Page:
Published: 20th Dec 2017 | Words: 586 | Reading Time: 3 minutes
The benefits of SASS
- A few of the key benefits of SASS are as follows:
- You can break up your CSS into small SASS files.
- You can use variables throughout your SASS code for consistent values for things like fonts and sizes.
- You can build blocks of CSS that you can use / inherit within other CSS rules.
- You can nest rules within one another and see exactly where things are.
- You can develop SASS files that with default styles you can use across projects.
- You can compile your CSS down to one file very easily.
- You can automatically remove empty rules.
- You can automatically remove comments.
- You can automatically combine similar CSS styles.
- You can automatically minify all your CSS so it’s the smallest size possible.
- If you structure your SASS properly you may never repeat yourself.
I worked with CSS for years to a point where I know nearly all the rules off by heart and fatter using SASS I could honestly I would never go back. All the features above lead to one simple thing, a much improved workflow. You can cut out a huge amount of time on a project by using SASS. SASS doesn’t make CSS better, it makes working with CSS better.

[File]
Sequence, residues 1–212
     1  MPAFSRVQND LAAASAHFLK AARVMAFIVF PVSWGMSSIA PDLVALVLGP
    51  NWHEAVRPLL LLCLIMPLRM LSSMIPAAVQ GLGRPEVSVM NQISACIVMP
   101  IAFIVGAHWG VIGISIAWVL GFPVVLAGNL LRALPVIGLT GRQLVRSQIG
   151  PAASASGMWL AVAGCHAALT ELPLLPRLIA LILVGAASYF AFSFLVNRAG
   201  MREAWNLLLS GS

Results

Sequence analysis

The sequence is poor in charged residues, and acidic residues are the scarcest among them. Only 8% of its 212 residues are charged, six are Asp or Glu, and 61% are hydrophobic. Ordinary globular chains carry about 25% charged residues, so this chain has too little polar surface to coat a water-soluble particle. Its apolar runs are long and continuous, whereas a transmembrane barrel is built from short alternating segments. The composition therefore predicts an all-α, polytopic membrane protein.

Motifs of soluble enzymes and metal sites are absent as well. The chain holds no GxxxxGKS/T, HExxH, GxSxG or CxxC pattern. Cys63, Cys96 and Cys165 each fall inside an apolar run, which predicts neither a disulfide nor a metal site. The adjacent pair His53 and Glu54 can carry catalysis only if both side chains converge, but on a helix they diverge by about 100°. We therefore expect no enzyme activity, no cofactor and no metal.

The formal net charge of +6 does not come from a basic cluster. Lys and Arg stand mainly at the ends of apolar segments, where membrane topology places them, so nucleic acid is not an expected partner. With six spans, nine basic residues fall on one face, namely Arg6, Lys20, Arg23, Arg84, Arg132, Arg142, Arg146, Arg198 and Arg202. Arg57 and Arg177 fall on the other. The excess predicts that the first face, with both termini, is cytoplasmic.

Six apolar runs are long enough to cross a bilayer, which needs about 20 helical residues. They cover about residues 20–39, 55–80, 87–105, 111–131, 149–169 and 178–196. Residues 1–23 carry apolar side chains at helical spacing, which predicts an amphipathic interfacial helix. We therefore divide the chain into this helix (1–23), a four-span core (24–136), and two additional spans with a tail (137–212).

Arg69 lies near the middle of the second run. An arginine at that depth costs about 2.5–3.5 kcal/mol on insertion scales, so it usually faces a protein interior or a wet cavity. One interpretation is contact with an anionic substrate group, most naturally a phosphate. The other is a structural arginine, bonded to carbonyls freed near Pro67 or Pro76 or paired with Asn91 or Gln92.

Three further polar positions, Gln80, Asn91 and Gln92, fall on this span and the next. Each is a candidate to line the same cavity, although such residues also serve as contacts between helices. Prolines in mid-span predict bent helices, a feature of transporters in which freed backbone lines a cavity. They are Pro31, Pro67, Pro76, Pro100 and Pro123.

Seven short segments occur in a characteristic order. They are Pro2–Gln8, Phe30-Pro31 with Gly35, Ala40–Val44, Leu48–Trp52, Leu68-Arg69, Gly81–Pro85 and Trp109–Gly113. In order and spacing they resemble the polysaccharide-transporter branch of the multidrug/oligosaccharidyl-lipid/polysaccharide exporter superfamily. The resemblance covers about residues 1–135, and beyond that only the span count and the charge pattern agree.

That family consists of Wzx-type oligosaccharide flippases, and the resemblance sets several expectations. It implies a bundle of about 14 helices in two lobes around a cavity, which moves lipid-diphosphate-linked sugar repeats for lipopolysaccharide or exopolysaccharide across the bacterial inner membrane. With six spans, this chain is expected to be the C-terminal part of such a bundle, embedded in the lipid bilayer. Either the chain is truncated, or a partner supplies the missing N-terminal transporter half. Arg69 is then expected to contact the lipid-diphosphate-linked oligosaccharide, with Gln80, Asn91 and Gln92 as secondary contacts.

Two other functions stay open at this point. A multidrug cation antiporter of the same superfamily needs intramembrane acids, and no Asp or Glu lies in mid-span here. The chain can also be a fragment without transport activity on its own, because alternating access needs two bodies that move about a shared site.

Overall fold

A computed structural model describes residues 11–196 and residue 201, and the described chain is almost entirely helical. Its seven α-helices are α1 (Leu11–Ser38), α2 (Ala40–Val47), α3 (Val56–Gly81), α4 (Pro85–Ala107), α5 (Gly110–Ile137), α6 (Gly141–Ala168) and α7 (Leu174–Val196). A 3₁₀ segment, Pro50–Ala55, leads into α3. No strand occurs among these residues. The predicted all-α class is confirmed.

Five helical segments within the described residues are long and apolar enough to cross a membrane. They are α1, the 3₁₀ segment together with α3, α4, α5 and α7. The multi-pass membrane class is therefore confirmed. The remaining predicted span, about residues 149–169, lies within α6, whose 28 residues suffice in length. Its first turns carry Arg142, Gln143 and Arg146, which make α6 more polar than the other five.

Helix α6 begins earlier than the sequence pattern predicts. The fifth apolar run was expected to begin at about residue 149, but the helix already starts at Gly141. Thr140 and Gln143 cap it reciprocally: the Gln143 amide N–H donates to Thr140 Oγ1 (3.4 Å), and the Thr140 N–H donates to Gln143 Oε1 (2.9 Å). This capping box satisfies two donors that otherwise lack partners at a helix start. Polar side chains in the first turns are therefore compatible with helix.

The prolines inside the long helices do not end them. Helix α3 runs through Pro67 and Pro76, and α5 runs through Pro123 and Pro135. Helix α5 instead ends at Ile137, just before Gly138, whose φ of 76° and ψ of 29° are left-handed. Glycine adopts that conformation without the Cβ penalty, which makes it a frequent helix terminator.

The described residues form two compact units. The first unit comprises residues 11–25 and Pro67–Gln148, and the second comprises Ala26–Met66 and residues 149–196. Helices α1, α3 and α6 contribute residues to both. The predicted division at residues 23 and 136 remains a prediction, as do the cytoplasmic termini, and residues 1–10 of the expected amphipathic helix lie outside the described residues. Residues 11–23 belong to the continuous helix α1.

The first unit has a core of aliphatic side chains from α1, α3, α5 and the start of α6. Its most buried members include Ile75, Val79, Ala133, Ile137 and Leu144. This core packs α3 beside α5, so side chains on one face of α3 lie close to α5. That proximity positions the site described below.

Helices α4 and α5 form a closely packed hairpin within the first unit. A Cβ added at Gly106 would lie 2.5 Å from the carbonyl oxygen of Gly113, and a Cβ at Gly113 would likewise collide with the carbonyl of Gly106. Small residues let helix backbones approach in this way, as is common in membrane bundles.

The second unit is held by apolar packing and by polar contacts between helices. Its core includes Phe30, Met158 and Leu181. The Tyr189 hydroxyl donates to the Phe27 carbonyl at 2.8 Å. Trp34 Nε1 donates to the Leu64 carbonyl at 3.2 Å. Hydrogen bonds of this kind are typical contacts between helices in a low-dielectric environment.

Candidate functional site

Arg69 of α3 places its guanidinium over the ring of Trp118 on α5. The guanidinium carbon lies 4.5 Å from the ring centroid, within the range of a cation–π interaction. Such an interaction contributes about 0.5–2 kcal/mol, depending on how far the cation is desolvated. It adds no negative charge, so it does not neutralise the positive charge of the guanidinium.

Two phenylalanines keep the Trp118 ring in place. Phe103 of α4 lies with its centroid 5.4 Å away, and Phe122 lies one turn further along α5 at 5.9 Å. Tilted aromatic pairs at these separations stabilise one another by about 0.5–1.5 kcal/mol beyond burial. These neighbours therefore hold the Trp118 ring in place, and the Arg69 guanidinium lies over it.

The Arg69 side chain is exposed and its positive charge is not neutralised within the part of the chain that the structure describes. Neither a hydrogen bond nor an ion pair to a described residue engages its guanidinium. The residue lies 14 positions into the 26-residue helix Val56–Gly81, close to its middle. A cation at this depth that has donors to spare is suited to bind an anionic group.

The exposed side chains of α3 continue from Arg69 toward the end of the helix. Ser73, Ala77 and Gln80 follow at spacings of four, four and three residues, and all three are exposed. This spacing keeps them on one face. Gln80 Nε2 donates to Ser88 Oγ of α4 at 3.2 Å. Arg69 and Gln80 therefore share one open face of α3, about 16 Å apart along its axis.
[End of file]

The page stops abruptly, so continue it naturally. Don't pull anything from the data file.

SASS, LESS, or something else
There are many variations of CSS pre-processors now. LESS is another language which is similar and you can build CSS through things like SASS both with and without braces which caters for people who build and understand code differently but want the same end result. Which language you use is up to you. The beauty of these languages is that no matter which one you use you can use the same philosophy of not repeating yourself and breaking up your code into manageable files.